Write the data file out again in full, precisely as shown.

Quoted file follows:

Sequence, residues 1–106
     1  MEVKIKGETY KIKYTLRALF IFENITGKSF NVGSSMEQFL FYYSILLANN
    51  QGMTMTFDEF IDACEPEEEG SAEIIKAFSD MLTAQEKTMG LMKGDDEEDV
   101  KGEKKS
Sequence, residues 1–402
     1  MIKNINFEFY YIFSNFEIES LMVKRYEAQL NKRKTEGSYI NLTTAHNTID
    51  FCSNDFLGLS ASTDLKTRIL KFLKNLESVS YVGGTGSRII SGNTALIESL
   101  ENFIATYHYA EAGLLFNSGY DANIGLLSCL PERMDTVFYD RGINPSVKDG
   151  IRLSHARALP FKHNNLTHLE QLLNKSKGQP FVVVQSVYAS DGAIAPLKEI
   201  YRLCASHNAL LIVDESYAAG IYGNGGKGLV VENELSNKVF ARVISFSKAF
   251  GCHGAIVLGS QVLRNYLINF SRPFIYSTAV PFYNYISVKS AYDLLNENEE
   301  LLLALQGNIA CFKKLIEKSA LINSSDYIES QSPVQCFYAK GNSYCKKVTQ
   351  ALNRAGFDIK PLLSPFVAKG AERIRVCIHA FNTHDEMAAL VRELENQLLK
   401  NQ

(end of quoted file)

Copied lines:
Sequence, residues 1–106
     1  MEVKIKGETY KIKYTLRALF IFENITGKSF NVGSSMEQFL FYYSILLANN
    51  QGMTMTFDEF IDACEPEEEG SAEIIKAFSD MLTAQEKTMG LMKGDDEEDV
   101  KGEKKS
Sequence, residues 1–402
     1  MIKNINFEFY YIFSNFEIES LMVKRYEAQL NKRKTEGSYI NLTTAHNTID
    51  FCSNDFLGLS ASTDLKTRIL KFLKNLESVS YVGGTGSRII SGNTALIESL
   101  ENFIATYHYA EAGLLFNSGY DANIGLLSCL PERMDTVFYD RGINPSVKDG
   151  IRLSHARALP FKHNNLTHLE QLLNKSKGQP FVVVQSVYAS DGAIAPLKEI
   201  YRLCASHNAL LIVDESYAAG IYGNGGKGLV VENELSNKVF ARVISFSKAF
   251  GCHGAIVLGS QVLRNYLINF SRPFIYSTAV PFYNYISVKS AYDLLNENEE
   301  LLLALQGNIA CFKKLIEKSA LINSSDYIES QSPVQCFYAK GNSYCKKVTQ
   351  ALNRAGFDIK PLLSPFVAKG AERIRVCIHA FNTHDEMAAL VRELENQLLK
   401  NQ